Vladimir Putin is not renowned as a man who plays by the rules nor is he a man who forgets or forgives his enemies. Given his background as a KGB officer and veteran of the Cold War, it is not particularly surprising to know such a fact. The fact that Putin uses Interpol to go after his enemies and get them arrested is a clear abuse of power. Such is the fate of Bill Browder, a U.S born, British citizen who helped pass the ‘Magnitsky Act’ in America and is one of Putin’s biggest critics.
Named after Sergi Magnitsky, the Russian lawyer who died in suspicious circumstances in 2009 while imprisoned in Russia often served as a lawyer to Browder. Under the law, Russians suspected of human rights abuses can see their assets frozen and visas revoked by the U.S. government. Recently, Canada passed a similar law on Wednesday. In response, Russia exploited a loophole that lets countries unilaterally place individuals on its database used to request an arrest.
Bill Browder is now unable to travel because crossing international borders means he can be arrested and sent to Russia. He told journalists that “Putin is so rattled by the spreading Magnitsky sanctions around the world that he’s ready to run roughshod over all rules and western norms.” A prominent businessman, Browder has spent a decade trying to prove that Russian law enforcement stole £174m, which his company had paid in taxes. Since the death of Sergi Magnitsky, Browder has also campaigned to see justice done and to raise awareness of Russia’s corruption and its vendettas against dissidents and critics.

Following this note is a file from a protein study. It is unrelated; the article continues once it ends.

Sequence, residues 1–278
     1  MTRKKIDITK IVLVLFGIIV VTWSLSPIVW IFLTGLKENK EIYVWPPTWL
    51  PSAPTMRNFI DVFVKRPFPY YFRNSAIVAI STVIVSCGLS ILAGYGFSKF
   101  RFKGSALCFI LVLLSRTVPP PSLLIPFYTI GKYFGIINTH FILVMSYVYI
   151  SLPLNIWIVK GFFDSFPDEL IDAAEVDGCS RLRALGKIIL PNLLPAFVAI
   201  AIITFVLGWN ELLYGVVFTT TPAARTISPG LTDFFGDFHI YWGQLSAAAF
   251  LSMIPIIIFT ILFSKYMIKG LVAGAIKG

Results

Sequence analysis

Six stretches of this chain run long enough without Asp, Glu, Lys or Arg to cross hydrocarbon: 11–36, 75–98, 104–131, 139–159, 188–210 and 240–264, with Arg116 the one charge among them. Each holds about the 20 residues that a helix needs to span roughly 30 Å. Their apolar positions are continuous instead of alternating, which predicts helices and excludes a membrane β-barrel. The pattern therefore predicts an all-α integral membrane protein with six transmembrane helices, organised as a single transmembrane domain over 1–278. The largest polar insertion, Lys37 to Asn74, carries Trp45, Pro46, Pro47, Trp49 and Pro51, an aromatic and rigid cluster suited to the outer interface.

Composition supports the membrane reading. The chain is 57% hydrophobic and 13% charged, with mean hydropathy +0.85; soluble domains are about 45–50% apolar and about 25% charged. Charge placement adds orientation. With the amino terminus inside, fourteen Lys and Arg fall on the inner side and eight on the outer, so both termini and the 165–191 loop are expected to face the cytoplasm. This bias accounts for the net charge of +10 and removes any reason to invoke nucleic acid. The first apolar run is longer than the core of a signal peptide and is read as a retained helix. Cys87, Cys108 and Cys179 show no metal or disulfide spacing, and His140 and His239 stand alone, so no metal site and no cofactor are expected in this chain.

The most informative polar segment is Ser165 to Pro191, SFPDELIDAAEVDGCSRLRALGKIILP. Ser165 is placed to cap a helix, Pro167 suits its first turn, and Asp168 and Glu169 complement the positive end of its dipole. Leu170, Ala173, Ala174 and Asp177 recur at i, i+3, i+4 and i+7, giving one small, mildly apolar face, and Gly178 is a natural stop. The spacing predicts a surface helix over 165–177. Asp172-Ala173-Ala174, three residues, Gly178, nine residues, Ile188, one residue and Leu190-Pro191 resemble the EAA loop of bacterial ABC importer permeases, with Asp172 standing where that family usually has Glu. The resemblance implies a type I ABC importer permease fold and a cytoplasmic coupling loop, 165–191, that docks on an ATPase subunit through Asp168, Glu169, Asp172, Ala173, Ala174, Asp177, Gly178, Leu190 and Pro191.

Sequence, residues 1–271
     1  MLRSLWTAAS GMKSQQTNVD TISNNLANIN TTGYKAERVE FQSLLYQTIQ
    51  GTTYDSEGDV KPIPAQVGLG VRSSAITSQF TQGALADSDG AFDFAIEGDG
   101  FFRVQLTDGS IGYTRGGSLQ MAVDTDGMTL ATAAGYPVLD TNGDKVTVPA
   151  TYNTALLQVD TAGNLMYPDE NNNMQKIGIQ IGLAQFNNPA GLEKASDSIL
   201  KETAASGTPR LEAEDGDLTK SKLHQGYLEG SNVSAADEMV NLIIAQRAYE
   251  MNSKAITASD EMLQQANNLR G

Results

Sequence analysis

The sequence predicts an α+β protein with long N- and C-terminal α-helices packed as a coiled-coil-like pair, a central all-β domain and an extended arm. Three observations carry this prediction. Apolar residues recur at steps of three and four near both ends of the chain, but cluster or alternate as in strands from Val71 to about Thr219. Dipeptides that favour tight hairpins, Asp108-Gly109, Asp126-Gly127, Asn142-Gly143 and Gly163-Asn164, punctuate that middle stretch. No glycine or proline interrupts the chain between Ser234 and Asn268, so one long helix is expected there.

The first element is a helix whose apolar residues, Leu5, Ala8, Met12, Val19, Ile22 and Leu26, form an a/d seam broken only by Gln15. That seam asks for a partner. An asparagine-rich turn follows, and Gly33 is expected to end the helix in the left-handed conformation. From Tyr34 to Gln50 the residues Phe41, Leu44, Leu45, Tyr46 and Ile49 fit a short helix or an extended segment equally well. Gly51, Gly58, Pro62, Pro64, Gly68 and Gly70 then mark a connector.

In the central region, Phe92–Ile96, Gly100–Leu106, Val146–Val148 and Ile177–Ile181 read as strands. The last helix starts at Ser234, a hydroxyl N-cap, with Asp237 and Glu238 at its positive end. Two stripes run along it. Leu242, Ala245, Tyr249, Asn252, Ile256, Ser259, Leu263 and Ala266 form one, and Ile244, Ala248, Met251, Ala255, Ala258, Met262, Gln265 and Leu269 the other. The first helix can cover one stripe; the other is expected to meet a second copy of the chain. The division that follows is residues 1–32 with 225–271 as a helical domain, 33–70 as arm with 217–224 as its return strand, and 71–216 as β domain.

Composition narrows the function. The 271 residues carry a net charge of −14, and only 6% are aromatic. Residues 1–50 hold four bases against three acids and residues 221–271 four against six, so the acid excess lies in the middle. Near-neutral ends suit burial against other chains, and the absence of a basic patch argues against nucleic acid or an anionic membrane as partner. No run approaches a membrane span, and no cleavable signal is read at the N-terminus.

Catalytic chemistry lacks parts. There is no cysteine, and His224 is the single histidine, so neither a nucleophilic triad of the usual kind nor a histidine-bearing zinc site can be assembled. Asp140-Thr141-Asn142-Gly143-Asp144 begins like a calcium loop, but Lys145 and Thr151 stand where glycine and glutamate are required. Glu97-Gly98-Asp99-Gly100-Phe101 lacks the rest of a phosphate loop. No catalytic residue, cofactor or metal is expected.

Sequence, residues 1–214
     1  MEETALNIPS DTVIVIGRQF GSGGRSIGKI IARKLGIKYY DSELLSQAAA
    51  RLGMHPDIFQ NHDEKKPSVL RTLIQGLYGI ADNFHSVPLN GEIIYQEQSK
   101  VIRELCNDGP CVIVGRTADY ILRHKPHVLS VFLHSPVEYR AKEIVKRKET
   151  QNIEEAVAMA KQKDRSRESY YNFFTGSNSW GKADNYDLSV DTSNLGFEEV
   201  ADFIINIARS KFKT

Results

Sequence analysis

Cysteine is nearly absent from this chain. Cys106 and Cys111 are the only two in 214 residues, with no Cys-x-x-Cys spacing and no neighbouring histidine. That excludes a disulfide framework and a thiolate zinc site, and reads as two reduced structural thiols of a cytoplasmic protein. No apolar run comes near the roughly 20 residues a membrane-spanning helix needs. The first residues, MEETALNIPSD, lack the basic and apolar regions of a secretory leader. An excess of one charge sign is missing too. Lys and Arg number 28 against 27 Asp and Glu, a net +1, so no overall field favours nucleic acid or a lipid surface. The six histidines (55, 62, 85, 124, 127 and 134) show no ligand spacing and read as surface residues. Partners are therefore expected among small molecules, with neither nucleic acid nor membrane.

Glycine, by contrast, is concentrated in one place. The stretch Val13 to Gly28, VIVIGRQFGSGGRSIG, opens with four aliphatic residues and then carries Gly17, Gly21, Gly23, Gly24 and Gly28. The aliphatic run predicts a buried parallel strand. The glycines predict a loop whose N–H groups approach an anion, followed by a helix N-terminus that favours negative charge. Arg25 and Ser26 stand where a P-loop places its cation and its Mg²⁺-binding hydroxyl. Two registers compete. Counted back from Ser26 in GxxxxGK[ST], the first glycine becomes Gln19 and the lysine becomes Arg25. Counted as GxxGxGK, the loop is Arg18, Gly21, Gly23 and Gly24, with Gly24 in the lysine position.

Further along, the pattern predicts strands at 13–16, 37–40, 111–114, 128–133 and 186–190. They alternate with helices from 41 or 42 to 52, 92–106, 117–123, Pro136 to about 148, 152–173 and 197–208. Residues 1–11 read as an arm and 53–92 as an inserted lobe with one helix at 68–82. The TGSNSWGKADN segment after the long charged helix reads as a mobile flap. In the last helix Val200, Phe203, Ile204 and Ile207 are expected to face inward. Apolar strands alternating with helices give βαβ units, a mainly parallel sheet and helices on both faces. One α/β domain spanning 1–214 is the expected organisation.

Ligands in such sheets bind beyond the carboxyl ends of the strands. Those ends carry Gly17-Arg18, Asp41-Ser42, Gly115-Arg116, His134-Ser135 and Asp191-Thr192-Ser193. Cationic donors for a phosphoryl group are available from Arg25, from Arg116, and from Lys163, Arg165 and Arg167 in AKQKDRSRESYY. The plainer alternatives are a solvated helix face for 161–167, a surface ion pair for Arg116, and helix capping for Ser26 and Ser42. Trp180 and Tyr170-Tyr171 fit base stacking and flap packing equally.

However, to add insult to injury, he found the US State Department had revoked his visa at the same time Russia issued an arrest warrant. Bill Browder tweeted his situation, sparking outrage from the former ambassador to Russia, Michael McFaul who called for the State Statement to fix this mistake. Browder claims that his passport was revoked at the same time that he found out that he had been added to Interpol’s wanted list.
Such an astonishing move will raise eyebrows in Europe and will further fuel speculation that Trump and his Department worked with Russia to put Browder in this situation. While it is probably nothing more than a mistake, the timing seems too coincidental. Trump has openly praised Russia and Vladimir Putin while pouring scorn on the investigation over Russian interference in the 2016 election.
The news also comes soon after Tatyana Felgenhauer, deputy editor of the Ekho Moskvy radio station and frequent critic of Putin, was stabbed in the throat earlier today. Russia has made it clear that it holds a grudge against those criticize Russia or Putin and is willing to bend the rules to pursue their vendetta. Putin is clearly angry at those who supported the Magnitsky Act and determined to silence dissent against him.
The question many will ask now is whether America is willing to help Russia’s vendettas? Is Trump nothing more than Putin’s puppet? This incident will certainly bring Russia back into the spotlight of Amercian politics. Once again, speculation will abound over how far Putin’s grip stretches and whether the White House is his friend or his foe. The fact that we need to ask is troubling.
One thing is clear: Putin is no friend of America or those who support freedom of speech and democratic values. Given his own actions and the response of the State Department, neither is Donald Trump.